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Recorded for Poem-a-Day, November 19, 2018.
About this Poem 

“Oddly enough, ‘Rhapsody’ began as an essay for a class on prosody taught by Graham Foust. Now there is a series of poems with the same title, all dealing with sound and landscape. I seem to have been especially intrigued by moments when language slips into sounding like ‘just music,’ or ‘pure,’ or ‘noise,’ while remaining attentive to the anxiety-laden artifact of accent. It may be useful to know that रस and ರಸ are, respectively, the Hindi and Kannada words for juice. Both sound a bit like rust without the t.”
—Aditi Machado

Rhapsody

                           —or rhubarb?
 
 
Scant difference between some flowers
and the heads of cauliflowers the fingers get
herbaceous rubbing against. If I could get
ecstatic I would by the low soft
weeds, the hard oracular orifices of tree bark.
Some landscapes under duress
predict this atonal sky.
 
 
Scant difference between flowers.
The canned cool metal slightly
curves, of trash receptacles,
meadow interregna, strange
fanciful flights, toward toward.
 
 
Where the rhubarb field is not so bright
red as you would think, not so precise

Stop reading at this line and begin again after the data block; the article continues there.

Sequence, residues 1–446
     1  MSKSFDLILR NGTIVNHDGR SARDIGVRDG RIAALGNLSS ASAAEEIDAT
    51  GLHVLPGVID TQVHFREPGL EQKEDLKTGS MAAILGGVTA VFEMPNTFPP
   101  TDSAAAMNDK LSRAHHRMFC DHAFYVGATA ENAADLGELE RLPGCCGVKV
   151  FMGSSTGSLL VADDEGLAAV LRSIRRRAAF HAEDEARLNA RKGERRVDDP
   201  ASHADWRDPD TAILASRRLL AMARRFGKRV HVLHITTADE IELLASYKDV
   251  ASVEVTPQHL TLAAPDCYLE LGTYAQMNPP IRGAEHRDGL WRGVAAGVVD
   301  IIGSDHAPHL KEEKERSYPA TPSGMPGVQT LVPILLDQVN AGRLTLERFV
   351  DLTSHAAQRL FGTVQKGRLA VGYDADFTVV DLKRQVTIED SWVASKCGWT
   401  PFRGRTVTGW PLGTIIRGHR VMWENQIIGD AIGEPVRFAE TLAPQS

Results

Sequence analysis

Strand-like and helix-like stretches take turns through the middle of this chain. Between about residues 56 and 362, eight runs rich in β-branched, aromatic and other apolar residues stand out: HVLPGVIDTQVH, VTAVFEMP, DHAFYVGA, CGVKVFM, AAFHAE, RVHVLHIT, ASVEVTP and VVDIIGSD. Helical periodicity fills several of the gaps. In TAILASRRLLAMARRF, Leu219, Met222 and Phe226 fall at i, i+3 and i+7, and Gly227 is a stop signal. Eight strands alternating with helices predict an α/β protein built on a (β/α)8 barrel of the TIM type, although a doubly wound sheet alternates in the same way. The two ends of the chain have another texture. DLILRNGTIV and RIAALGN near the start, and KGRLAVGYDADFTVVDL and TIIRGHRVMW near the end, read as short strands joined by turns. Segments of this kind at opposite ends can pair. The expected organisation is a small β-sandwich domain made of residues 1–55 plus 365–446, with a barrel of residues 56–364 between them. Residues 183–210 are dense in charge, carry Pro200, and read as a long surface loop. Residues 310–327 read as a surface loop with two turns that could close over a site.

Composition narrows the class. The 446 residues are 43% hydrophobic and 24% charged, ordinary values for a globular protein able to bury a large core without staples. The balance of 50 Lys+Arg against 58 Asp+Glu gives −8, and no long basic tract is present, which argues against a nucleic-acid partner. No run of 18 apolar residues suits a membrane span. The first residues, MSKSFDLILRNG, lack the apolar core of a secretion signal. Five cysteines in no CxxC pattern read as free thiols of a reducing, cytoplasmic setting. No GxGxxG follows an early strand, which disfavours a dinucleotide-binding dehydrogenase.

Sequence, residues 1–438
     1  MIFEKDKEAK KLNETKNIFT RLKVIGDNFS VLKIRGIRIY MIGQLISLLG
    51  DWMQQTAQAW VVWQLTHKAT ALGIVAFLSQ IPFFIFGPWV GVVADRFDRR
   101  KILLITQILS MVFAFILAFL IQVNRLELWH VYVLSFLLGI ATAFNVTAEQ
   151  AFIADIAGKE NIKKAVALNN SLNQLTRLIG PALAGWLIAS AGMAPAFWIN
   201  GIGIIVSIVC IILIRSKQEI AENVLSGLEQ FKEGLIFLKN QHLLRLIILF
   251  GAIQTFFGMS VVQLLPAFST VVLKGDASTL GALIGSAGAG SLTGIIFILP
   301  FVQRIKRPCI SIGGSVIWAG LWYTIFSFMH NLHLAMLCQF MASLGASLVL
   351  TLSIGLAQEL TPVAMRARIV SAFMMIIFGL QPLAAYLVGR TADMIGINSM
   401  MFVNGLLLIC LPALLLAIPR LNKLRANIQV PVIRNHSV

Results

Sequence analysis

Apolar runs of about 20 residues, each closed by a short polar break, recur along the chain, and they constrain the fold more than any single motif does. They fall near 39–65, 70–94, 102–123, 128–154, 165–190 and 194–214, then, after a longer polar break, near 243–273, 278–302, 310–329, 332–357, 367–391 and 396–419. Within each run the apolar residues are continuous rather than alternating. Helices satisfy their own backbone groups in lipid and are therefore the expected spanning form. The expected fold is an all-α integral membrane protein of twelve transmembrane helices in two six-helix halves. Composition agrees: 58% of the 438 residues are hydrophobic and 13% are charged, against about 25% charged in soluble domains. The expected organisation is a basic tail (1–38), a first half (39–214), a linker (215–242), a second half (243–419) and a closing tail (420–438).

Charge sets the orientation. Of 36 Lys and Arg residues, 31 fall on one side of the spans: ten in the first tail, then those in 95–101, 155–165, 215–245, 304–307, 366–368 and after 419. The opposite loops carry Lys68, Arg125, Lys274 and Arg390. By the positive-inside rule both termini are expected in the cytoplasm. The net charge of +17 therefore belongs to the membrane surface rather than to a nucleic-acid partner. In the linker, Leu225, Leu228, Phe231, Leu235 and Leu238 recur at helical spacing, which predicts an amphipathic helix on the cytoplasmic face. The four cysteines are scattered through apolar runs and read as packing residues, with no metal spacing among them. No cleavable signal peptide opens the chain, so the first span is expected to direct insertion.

or fulminating, too much green sticks
out, stems and leaves like a fuzz
of voices, watery incarnadine,

 
here where the sounds so simplify
the milieu into that wetness there,
 
 
here I stumble
to approximate the durations of others, to appear
of the same time as though of space,
I worry terribly, I hesitate, I lose my measure, a juice
trickles down my side,
 
 
रस ರಸ.
 
 
Like
I get I’m out of tune.

Copyright © 2018 by Aditi Machado. Originally published in Poem-a-Day on November 19, 2018, by the Academy of American Poets.

Copyright © 2018 by Aditi Machado. Originally published in Poem-a-Day on November 19, 2018, by the Academy of American Poets.

Aditi Machado

Aditi Machado

Aditi Machado is the author of Some Beheadings (Nightboat Books, 2017) and the translator of Farid Tali’s Prosopopoeia (Action Books, 2016).